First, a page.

This PDF is the current document as it appeared on Public Inspection on 03/09/2012 at 08:45 am.
DoD is proposing to amend the Defense Federal Acquisition Regulation Supplement (DFARS) to expand coverage on contractor requirements and responsibilities relating to alleged crimes by or against contractor personnel.
Comment Date: Comments on the proposed rule should be submitted in writing to the address shown below on or before May 11, 2012, to be considered in the formation of a final rule.
Submit comments identified by DFARS Case 2012-D006, using any of the following methods:
- Regulations.gov: http://www.regulations.gov. Submit comments via the Federal eRulemaking portal by entering “DFARS Case 2012-D006” under the heading “Enter keyword or ID” and selecting “Search.” Select the link “Submit a Comment” that corresponds with “DFARS Case 2012-D006.” Follow the instructions provided at the “Submit a Comment” screen. Please include your name, company name (if any), and “DFARS Case 2012-D006” on your attached document.
- Email: email@example.com. Include DFARS Case 2012-D006 in the subject line of the message.
- Fax: 571-372-6094.
- Mail: Defense Acquisition Regulations System, Attn: Ms. Meredith Murphy, OUSD (AT&L) DPAP/DARS, Room 3B855, 3060 Defense Pentagon, Washington, DC 20301-3060.
Comments received generally will be posted without change to http://www.regulations.gov, including any personal information provided. To confirm receipt of your comment(s), please check www.regulations.gov, approximately two to three days after submission to verify posting (except allow 30 days for posting of comments submitted by mail).
FOR FURTHER INFORMATION CONTACT:
Meredith Murphy, telephone 571-372-6098.
DoD is proposing to revise the DFARS clause at 252.225-7040, Contractor Personnel Authorized to Accompany U.S. Armed Forces Deployed Outside the United States, to expand coverage on contractor requirements and responsibilities regarding alleged crimes by or against contractor personnel. The expanded coverage is proposed to apply to contingency operations, humanitarian or peacekeeping operations, or other military operations when the latter are designated by the combatant commander. These requirements currently apply only to DoD contracts performed in Iraq and Afghanistan. Expanding the coverage worldwide will provide contractors the guidance they need to take actions if such alleged offenses occur.
Currently, the clause at 252.225-7040 is prescribed at 225.7402-5(a). The clause prescription requires insertion of the clause in solicitations and contracts that authorize contractor personnel to accompany U.S. Armed Forces deployed outside the United States in (1) contingency operations; (2) humanitarian or peacekeeping operations; or (3) other military operations or military exercises, when designated by the combatant commander. The expanded DFARS clause will require the contractor to provide information to contractor personnel who perform work on a contract in those countries about how and where to report an alleged crime and, for contractor personnel seeking whistleblower protection, where to seek assistance. The crimes referred to are alleged offenses under the Uniform Code of Military Justice (10 U.S.C. 47) or the Military Extraterritorial Jurisdiction Act (18 U.S.C. 212). The clause also provides a list of the appropriate investigative authorities to which suspected offenses can be reported, e.g., “U.S. Army Criminal Investigations Division at http://www.cid.army.mil/reportacrime.html,” and contact information for contractor personnel seeking whistleblower protection. This information is required by the terms of the clause to be provided to contractor personnel before they begin work on a contract in a deployed area.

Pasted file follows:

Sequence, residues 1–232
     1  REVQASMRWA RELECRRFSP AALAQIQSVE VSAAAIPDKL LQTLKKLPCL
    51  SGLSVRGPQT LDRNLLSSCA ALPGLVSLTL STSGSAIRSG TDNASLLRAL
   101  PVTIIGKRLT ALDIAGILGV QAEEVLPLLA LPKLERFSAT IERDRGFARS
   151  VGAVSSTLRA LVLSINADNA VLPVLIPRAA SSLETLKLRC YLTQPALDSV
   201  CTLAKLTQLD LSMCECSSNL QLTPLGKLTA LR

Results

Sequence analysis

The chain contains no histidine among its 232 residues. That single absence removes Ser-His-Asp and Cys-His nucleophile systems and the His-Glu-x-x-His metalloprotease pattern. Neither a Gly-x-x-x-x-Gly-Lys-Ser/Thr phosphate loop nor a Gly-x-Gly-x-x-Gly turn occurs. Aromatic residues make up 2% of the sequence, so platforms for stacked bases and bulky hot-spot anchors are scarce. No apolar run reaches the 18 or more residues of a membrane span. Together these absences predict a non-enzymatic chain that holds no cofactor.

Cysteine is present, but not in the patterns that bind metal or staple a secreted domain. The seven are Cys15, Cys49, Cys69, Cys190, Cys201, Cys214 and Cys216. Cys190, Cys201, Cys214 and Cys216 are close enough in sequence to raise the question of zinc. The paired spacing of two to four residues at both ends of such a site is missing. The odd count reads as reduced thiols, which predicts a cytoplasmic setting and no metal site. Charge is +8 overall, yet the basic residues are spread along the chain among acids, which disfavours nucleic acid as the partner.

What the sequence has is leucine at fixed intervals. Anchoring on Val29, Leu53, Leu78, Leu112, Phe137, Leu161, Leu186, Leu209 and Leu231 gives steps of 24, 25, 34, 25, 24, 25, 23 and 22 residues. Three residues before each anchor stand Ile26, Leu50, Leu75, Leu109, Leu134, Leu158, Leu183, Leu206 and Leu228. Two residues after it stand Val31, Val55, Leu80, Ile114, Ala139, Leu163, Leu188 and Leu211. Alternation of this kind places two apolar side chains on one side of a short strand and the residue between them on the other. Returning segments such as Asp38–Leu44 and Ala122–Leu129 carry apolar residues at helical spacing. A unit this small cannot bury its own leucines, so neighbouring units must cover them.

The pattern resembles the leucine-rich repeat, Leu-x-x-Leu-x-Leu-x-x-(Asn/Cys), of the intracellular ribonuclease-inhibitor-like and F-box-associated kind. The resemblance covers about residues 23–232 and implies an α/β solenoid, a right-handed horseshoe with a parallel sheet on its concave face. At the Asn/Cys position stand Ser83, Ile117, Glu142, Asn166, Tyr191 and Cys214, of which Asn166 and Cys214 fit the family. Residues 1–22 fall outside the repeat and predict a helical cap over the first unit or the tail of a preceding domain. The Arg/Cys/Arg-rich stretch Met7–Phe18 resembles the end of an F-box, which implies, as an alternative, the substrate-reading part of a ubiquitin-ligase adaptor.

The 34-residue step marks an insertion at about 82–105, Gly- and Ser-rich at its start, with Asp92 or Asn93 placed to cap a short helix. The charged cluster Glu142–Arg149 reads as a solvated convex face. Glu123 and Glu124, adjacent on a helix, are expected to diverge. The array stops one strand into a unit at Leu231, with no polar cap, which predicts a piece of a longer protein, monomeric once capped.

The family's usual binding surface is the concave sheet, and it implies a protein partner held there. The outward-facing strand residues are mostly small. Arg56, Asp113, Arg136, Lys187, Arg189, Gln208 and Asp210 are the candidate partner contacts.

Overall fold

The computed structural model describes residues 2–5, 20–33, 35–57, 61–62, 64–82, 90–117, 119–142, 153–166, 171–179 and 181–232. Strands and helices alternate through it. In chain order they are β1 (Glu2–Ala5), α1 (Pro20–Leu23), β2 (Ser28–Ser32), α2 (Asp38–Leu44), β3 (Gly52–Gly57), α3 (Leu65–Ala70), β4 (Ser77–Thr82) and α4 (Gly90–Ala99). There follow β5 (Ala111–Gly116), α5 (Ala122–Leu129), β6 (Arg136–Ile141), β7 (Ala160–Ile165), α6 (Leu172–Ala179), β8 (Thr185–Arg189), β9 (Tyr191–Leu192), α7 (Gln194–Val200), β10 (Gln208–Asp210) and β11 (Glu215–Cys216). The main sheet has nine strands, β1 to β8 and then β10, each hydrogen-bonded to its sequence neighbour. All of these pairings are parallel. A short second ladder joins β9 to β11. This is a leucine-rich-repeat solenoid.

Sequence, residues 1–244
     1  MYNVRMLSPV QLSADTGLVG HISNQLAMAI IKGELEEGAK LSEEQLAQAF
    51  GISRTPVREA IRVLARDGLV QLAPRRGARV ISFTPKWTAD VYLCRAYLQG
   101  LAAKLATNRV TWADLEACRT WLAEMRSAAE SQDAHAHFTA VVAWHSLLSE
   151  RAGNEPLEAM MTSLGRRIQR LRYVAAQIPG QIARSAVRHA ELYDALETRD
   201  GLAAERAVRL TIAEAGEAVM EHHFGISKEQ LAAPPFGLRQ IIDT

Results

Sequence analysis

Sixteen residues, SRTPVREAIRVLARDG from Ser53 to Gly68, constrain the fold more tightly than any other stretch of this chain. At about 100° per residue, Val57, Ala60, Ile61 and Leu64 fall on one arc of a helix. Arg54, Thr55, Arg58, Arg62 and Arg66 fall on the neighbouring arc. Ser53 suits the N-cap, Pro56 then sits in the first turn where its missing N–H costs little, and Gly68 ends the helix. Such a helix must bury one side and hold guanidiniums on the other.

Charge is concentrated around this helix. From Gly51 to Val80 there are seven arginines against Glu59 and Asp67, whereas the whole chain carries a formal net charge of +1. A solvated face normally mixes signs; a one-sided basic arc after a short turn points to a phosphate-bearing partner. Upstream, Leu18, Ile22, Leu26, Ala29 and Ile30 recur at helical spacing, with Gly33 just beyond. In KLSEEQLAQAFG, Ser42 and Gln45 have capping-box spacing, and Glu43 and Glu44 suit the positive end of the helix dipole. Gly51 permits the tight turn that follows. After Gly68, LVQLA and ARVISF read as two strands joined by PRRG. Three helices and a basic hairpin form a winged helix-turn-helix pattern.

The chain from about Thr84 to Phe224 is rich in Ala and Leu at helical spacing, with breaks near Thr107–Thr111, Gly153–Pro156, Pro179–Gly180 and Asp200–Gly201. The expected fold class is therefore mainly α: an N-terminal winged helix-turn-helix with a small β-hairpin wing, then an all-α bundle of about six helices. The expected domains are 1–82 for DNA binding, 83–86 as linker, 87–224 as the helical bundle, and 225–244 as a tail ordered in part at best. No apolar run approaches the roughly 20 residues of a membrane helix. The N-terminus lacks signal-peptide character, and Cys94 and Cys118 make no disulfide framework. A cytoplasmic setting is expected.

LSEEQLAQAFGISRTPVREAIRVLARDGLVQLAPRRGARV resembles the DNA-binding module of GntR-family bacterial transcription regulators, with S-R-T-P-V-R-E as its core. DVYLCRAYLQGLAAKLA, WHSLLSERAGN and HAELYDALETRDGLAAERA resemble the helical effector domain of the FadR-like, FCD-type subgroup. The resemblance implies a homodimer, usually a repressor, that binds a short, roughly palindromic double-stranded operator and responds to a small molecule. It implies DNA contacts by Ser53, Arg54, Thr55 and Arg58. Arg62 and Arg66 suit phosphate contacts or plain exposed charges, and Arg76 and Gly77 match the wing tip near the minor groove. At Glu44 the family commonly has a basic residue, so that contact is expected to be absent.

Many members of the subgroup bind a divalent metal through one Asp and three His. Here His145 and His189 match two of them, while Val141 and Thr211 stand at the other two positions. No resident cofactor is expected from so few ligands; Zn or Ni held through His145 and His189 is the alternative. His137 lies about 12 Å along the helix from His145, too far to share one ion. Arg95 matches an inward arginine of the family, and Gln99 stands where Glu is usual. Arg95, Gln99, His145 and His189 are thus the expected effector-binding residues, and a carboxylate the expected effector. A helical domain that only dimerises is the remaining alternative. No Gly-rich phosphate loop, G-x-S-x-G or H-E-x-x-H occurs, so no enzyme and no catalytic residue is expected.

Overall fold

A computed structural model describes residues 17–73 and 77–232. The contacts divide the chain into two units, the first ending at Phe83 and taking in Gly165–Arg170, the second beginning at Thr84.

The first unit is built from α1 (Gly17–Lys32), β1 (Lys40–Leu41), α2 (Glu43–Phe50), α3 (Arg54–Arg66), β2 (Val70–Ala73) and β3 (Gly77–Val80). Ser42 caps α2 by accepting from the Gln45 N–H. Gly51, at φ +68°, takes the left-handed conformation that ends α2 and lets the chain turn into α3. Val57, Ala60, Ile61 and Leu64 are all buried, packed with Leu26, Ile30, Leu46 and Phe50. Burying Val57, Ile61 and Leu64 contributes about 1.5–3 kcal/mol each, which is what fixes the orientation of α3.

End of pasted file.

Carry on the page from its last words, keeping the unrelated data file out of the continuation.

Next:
II. Executive Orders 12866 and 13563
Executive Orders (E.O.s) 12866 and 13563 direct agencies to assess all costs and benefits of available regulatory alternatives and, if regulation is necessary, to select regulatory approaches that maximize net benefits (including potential economic, environmental, public health and safety effects, distributive impacts, and equity). E.O. 13563 emphasizes the importance of quantifying both costs and benefits, of reducing costs, of harmonizing rules, and of promoting flexibility. This is a significant regulatory action and, therefore, was subject to review under section 6(b) of E.O. 12866, Regulatory Planning and Review, dated September 30, 1993. This rule is not a major rule under 5 U.S.C. 804.
III. Regulatory Flexibility Act
DoD does not expect this proposed rule to have a significant economic impact on a substantial number of small entities within the meaning of the Regulatory Flexibility Act, 5 U.S.C. 601, et seq., because the requirement is only to provide information to contractor personnel regarding the appropriate investigative authorities to which suspected offenses can be reported and contact information for contractor personnel seeking whistleblower protection. However, an initial regulatory flexibility analysis has been performed and is summarized as follows:
The two key requirements being proposed are for the contractor to (a) report any alleged offenses against the Uniform Code of Military Justice (UCMJ) and the Military Extraterritorial Jurisdiction Act (MEJA) to appropriate investigative authorities and (b) give contractor personnel who work in covered areas information on how and where to report an alleged UCMJ or MEJA offense. The clause also would provide contact information for the three Service Criminal Investigative Agencies and the DoD Inspector General.